Florida Estate Law: Specific Bequests Of Tangible Property
Imagine a family heirloom with great sentimental value, but little economic value, such as a book written and signed by a family ancestor. It’s going to make a big difference whether your intended your beneficiary to receive the actual book or the ten dollars that is received when the book is sold to satisfy estate creditors. You need to take special care when your intention is to bequeath certain property, rather than to merely distribute the proceeds of the sale of that property.
The Most Popular Reason for Making Specific Bequests
If, for example, you are a widow with four children, it is certainly simpler to leave a quarter of your estate to each of your children. That approach won’t tell your children, however, who gets the grandfather clock and who gets the 14th century Madagascar bracelet. If more than one of your children want these things, they are going to have to either come to an agreement or fight it out. Fighting it out can get ugly and abrasive, and it can get expensive if it takes place in court.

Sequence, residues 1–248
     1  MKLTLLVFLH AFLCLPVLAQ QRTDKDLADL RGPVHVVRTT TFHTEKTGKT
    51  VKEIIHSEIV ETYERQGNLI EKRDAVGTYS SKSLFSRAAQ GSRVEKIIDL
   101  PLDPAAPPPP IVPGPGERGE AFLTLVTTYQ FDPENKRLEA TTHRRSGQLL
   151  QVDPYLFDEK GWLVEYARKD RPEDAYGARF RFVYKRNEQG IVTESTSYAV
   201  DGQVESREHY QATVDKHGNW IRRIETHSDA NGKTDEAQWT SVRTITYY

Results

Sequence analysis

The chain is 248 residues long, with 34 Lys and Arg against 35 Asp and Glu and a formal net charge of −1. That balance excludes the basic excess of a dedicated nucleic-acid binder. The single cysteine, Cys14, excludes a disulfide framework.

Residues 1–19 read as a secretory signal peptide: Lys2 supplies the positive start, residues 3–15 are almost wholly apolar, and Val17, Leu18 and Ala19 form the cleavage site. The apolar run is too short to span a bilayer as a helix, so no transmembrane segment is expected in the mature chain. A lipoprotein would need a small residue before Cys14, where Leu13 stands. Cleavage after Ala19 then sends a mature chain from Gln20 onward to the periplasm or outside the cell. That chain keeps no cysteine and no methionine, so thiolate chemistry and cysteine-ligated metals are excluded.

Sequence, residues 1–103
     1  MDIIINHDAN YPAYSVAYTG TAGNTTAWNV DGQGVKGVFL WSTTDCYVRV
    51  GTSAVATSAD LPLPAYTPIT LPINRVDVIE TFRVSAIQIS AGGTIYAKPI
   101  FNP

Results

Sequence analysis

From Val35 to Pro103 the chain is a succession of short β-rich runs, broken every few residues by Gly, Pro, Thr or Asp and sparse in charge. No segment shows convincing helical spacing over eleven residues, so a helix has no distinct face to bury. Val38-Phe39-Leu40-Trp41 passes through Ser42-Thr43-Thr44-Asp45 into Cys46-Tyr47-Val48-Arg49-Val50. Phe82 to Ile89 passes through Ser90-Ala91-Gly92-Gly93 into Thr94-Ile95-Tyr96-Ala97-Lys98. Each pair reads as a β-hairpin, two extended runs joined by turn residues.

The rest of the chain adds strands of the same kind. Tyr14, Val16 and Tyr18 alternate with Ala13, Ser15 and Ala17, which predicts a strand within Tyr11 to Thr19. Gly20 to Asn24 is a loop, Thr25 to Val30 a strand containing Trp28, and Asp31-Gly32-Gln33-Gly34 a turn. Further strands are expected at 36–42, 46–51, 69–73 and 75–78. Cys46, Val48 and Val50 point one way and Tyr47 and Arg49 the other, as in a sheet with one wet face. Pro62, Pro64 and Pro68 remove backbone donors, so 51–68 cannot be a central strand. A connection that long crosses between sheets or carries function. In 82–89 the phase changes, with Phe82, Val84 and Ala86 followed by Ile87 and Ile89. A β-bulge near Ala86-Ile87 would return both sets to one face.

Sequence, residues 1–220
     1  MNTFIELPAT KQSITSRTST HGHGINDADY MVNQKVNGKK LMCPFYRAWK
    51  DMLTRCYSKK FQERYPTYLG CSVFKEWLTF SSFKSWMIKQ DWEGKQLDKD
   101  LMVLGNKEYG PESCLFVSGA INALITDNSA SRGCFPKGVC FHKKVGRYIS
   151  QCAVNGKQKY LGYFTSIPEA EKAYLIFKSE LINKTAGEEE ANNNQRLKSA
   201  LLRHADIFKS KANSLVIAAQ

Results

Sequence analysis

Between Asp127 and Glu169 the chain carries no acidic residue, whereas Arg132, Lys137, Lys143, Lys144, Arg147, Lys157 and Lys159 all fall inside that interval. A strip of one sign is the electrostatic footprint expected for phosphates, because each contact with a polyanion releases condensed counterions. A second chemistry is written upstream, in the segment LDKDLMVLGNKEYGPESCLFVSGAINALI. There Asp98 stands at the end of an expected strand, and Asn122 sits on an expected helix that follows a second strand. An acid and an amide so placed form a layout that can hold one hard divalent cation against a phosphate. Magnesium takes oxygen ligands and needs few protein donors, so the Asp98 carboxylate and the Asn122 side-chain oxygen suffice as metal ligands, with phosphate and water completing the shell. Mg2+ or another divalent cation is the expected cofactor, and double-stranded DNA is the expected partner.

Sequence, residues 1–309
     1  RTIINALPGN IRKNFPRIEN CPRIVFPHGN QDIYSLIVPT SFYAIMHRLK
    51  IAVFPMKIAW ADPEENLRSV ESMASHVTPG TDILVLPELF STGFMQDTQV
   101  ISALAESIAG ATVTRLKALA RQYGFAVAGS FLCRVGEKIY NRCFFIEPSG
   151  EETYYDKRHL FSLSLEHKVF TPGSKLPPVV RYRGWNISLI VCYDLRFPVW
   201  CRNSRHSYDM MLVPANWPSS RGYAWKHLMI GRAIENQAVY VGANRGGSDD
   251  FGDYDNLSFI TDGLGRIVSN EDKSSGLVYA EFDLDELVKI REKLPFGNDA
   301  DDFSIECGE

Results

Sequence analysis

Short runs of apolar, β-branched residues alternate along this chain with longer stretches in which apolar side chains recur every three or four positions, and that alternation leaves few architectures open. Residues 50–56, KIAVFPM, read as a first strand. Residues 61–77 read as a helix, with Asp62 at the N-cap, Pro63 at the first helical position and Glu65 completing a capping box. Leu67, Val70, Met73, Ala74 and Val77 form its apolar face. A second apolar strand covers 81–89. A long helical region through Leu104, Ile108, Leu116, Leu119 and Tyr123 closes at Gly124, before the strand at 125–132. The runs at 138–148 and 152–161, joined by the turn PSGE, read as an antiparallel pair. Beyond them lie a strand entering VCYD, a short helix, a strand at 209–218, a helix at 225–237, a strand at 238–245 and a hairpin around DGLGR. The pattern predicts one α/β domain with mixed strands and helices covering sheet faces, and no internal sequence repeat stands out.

Listing It All in Your Will
One way to make specific bequests is to include a complete list of these bequests in your will. But what if someone changes their mind? What if you acquire a new item that you wish to bequeath? What if one of your beneficiaries dies before you do? Doing it this way could result in the addition of endless codicils (amendments) to your will, each of which would have to comply with the formal requirements for a will (witnesses, etc.).
Executing a Personal Property Memorandum
A personal property memorandum is simply a list of specific personal property, along with directions on how it should be distributed after you die (“I hereby bequeath my grandfather clock to my son Louis”, etc.). It is not a part of the will, which offers you a great convenience. Instead of creating a codicil to your will and complying with all formal requirements every time you want to change something, simply cut, paste and print, then re-sign your will.
You don’t even need witnesses to your signature the way you do for your will. You only need to amend your will once–to add a sentence referring to your personal property memorandum. This is known as “incorporation by reference”, and it is all you need to make your personal property memorandum legally valid. It will remain valid no matter how many times you change it, as long as you provide a fresh signature each time. Keep it where it can be easily located.
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